Race Relations in South Floirida Schools: A Glimpse into the Future

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Race relations in America’s public schools have come a long way. The U.S Supreme Court ruling of Brown v. Board of Education deemed segregation in public schools unconstitutional, and started the process of integrating public schools . Yet, Kathleen McGrory, an education reporter for The Miami Herald, writes that creating and maintaining diversity in public schools is still difficult, even 56 years after the monumental court case. McGrory’s article states though the nation is now more racially and ethnically diverse than at any point in its history, American public schools’ demographics do not exhibit this diversity. In fact, the pierce includes a quotation from a University of Miami professor who studies education and sociology that …show more content…
In Miami-Dade County, most public schools reflect a school named American Senior High, where the composition is 28 percent Black, 65 percent Hispanic, and a small percentage of White non-Hispanics (McGrory). She adds that the public school population reflects the results of repeated waves of immigration. Based on these figures, one can understand the rationale behind demographers declaring South Florida schools a sign of the nation’s future.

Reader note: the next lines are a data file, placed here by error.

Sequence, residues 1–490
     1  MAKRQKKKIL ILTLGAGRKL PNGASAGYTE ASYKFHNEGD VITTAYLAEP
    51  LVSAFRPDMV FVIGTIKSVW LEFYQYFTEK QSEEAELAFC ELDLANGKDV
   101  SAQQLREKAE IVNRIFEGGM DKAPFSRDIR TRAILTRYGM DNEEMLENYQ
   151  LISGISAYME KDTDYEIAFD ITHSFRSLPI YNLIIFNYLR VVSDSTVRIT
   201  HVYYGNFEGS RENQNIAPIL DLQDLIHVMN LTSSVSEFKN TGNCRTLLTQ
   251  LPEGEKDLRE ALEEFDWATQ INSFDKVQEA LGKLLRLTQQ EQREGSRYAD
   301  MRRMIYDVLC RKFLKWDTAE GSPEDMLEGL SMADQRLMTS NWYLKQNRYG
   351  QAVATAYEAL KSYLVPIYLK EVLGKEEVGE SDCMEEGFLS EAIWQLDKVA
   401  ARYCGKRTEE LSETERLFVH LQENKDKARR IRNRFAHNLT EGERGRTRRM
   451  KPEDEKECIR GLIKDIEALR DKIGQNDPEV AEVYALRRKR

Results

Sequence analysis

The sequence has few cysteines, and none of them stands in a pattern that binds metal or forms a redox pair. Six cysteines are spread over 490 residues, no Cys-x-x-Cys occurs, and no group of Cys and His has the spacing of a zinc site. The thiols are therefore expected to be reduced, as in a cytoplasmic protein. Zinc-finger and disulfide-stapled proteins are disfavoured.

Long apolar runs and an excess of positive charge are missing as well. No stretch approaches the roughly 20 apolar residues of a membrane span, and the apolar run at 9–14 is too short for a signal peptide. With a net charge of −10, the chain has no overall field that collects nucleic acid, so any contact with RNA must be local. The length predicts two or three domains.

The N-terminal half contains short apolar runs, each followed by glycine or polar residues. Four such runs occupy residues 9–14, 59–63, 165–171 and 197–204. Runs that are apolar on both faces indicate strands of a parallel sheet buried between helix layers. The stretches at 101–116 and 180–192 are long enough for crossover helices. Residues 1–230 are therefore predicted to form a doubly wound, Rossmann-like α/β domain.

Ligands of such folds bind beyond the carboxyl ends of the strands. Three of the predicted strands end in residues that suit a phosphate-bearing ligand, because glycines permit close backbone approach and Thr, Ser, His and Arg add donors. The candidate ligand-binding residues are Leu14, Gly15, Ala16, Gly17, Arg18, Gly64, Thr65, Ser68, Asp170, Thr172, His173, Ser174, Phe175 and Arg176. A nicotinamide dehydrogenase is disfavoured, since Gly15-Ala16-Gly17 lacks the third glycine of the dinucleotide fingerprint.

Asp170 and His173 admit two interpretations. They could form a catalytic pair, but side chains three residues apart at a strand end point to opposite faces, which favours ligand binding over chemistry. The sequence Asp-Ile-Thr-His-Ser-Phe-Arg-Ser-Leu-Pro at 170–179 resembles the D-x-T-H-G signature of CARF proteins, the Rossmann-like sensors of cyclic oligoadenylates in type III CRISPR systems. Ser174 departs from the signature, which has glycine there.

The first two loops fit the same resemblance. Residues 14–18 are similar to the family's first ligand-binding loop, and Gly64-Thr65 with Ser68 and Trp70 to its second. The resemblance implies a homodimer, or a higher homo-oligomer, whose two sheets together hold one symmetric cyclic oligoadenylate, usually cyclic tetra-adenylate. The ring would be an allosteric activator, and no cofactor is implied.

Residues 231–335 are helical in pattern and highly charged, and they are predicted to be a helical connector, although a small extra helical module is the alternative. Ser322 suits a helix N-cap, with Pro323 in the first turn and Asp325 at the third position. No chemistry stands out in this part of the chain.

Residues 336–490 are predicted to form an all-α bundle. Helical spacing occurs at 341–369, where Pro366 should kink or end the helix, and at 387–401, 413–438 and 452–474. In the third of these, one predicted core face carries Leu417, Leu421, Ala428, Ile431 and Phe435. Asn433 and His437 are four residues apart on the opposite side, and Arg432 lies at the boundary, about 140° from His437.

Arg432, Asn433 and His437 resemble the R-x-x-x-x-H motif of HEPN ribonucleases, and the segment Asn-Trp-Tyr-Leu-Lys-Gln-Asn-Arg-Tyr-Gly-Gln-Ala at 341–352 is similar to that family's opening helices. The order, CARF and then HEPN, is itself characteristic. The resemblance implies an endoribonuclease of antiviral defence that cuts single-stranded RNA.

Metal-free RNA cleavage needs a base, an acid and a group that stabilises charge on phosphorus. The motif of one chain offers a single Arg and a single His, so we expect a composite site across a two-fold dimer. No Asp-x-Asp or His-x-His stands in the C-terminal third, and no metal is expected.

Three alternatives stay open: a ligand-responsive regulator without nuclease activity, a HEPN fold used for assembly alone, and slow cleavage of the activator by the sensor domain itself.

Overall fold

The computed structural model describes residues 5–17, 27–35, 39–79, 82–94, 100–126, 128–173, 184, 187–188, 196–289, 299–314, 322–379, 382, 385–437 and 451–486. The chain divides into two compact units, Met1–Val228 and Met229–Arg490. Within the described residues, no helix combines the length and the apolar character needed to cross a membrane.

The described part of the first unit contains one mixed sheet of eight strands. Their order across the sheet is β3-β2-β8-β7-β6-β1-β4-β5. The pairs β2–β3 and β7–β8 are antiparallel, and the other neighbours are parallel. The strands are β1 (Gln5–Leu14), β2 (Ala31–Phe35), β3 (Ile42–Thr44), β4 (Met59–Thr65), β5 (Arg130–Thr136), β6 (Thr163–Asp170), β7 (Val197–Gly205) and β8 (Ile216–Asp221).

Recognizing South Florida’s notable racial diversity is important for the issue of race relations in American public schools. Frequently, discussion about new race relations generally center on race relations between Blacks and Whites. Juan F. Perea (2000), in his contribution to Critical Race Theory, labels the cause for this practice the Black/White binary paradigm. He defines the paradigm as “the conception that race in America consists, either exclusively or primarily, of only two constituent racial groups, the Black and the White” (Perea, p. 346). The binary paradigm precludes other minority groups from being considering in racial discourse. Consequently, for groups like Hispanics, both Blacks and Whites ignore their issues. Perea writes, “Our [Hispanic] claims can be ignored by Whites, since we are not Black and therefore are not subject to real racism. And our claims can be ignored by the Blacks, we are not presumed to be Black and becoming White, and

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